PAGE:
Once upon a time, I thought the closest that “Goldilocks and the 3 Bears” came to the realm of hard science was some questionable thermodynamics. Has anyone else ever wondered how the mother’s medium-sized bowl got cold while the baby bear’s small bowl stayed “just right?” No? Just me? Actually, I know at least one other person pondered that question, because one illustrated version shows the medium bowl as broad and shallow, while the small bowl is deep. The medium bowl holds more porridge, but has a greater surface area to allow more heat exchange and thus faster cooling.
But actually, scientists have found the world we live in is also “just right” when it comes to the laws of physics. These mathematical formulas, which represent our current best description of the behavior of the universe, include a number of numerical constants. These are properties of the world that we can measure or estimate, but cannot calculate from any known equations. In other words, based on our current theories, these constants could hypothetically take on any value; we only know from observation which particular values they have, and that those values do not appear to change over space or time.
Those same formulas allow us to explore what the world might look like if those constants had different values. And it turns out that most of them have to be in very narrow, specific ranges in order to get behaviors that bear any resemblance to the ones we are used to. The general understanding is that if any of these constants were outside of their narrow “Goldilocks” range, life as we know it wouldn’t exist. Tautologically, we must live in a universe that has the properties to support life as we know it — but why is there any such universe at all?
That question has been rolling around in my head for a while, and last week’s story about the implications of the Higgs’ boson findings for Big Bang cosmology, which questions the likelihood of our universe, seemed like as good a reason as any to take it up. One possible answer is that there are many universes or there have been many universes; only those with the “just right” properties happen to have intelligent life to ponder why. Another answer is that an intelligent agent identified the necessary values and dialed them up, perhaps to guarantee the existence of life to which he/she/it could relate in some fashion. This is an approach many Christians take, citing this fine tuning of the world as evidence of a Creator God, consistent with the one described in the Bible.
But personally, I confess that I don’t find this line of reasoning terribly satisfying. One of my difficulties is scientific. A lot of fine tuning conversations are wrapped in the language of probability, describing this particular universe as “unlikely” to have happened by chance. But what do we really know about how likely it is? There are two popular ways to think about what a probability means. Frequentists define the probability of an event as the frequency of that event occurring during a large number of identical trials. Since we’ve only the one universe to look at, how do we know how often one like it would come up if we made more at random? Meanwhile, Bayesians describe probability as a belief about how likely or unlikely something is. Here we are fine to assert the probability of the various constants having particular values, before we even take a look at any universes at all. But in the Bayesian world, one updates ones beliefs based on data, and we’re still left with the one data point. In such data-poor scenarios, what one gets out is essentially whatever beliefs one put in; saying the world is unlikely thus tells us more about ourselves and our presuppositions than the nature of the universe. Consequently, I don’t really know what is meant when the universe is called unlikely, and so I have a hard time deciding whether it is a claim worthy of further consideration or not.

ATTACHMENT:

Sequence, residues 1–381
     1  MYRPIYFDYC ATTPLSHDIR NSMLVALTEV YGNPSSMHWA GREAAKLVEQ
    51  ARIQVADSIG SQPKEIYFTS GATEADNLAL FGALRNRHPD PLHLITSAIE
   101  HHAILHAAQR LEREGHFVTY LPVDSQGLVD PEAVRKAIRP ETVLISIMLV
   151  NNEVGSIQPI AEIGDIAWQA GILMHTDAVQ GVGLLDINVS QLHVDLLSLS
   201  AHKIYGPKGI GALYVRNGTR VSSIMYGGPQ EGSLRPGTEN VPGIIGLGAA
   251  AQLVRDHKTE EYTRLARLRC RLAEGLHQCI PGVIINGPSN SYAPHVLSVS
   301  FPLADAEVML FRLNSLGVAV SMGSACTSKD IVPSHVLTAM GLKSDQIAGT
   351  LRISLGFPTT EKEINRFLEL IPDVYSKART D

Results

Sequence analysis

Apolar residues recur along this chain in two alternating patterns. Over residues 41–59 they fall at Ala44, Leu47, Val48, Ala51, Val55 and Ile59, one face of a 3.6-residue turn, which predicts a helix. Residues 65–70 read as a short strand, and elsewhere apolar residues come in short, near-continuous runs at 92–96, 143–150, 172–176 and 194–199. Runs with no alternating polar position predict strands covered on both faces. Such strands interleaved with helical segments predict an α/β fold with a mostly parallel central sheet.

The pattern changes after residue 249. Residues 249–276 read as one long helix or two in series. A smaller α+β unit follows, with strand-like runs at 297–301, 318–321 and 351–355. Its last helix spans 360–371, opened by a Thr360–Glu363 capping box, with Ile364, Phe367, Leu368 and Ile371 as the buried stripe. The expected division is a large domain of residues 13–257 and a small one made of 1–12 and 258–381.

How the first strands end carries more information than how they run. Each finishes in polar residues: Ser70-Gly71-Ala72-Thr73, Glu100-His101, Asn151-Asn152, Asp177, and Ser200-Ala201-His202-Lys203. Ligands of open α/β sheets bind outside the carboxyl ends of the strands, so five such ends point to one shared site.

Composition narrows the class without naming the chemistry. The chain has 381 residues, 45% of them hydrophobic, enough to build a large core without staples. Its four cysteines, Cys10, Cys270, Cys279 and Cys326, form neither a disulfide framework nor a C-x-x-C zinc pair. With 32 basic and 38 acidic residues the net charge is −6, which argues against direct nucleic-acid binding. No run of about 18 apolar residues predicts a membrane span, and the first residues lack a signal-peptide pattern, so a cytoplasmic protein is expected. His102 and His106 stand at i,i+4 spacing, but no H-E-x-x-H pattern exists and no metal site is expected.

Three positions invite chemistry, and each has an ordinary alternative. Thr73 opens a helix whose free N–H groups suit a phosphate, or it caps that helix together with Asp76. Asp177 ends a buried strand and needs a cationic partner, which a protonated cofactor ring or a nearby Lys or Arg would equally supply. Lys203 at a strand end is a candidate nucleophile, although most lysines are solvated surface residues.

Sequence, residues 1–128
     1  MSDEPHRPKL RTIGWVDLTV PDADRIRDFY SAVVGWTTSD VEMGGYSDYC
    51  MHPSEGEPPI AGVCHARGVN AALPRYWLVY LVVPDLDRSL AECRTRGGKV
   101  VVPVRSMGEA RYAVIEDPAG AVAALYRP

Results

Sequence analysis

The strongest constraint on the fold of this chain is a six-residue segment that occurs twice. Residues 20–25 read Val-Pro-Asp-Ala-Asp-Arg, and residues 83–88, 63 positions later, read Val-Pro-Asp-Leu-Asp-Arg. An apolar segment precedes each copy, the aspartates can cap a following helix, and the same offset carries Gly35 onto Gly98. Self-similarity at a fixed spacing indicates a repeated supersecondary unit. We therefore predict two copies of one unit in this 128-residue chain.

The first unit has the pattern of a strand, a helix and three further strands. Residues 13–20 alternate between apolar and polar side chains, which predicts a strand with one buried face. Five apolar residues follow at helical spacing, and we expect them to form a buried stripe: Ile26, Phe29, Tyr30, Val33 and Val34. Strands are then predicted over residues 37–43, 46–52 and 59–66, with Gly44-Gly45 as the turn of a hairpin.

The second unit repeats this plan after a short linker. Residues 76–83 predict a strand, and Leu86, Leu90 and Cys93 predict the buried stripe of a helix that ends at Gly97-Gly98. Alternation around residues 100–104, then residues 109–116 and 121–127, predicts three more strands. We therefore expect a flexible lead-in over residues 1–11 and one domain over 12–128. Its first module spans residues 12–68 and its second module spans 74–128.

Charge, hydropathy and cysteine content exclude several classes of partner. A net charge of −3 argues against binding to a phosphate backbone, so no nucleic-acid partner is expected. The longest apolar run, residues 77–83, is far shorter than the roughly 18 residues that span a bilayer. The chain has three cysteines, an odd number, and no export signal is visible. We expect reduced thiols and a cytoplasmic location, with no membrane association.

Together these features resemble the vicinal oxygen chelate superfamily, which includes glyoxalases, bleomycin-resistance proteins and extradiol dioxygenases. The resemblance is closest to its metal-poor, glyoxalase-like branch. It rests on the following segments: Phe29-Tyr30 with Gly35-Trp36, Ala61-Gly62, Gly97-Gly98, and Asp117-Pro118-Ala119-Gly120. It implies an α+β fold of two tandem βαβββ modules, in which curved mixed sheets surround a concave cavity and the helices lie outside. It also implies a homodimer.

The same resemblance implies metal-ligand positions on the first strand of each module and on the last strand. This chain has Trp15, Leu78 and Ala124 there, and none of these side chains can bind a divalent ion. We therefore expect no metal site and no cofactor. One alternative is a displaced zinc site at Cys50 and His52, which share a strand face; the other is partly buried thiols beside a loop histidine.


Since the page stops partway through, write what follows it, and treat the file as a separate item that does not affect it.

My bigger problem, however, is a theological one. What are we really saying about God when we appeal to the fine tuning of the universe? The laws of science say that the universe must be thus in order for a particular kind of life to exist on Earth. God, being omniscient, knows these requirements perfectly and implements them perfectly. And here we are! Except, doesn’t that make God in some way bound by the laws of science? When we frame the argument this way, aren’t we just inviting people to consider that perhaps, as long as one has the laws of science, one doesn’t need God? Is it any wonder that so many are pondering precisely that conclusion?
Now, one might go on to say that God created the laws of science. That’s perfectly fine, but that’s an entirely different line of reasoning. If one can make the argument that existence of laws of science requires the existence of God, then it is not clear what is further gained by saying God is also required to implement them. And if the laws of science are somehow self-evident, then we are back to a God who is bound by them. Therefore it is not clear to me that there is much benefit in making an argument for God from fine tuning, and it appears that there is much potential for steering people towards the opposite conclusion from the intended one.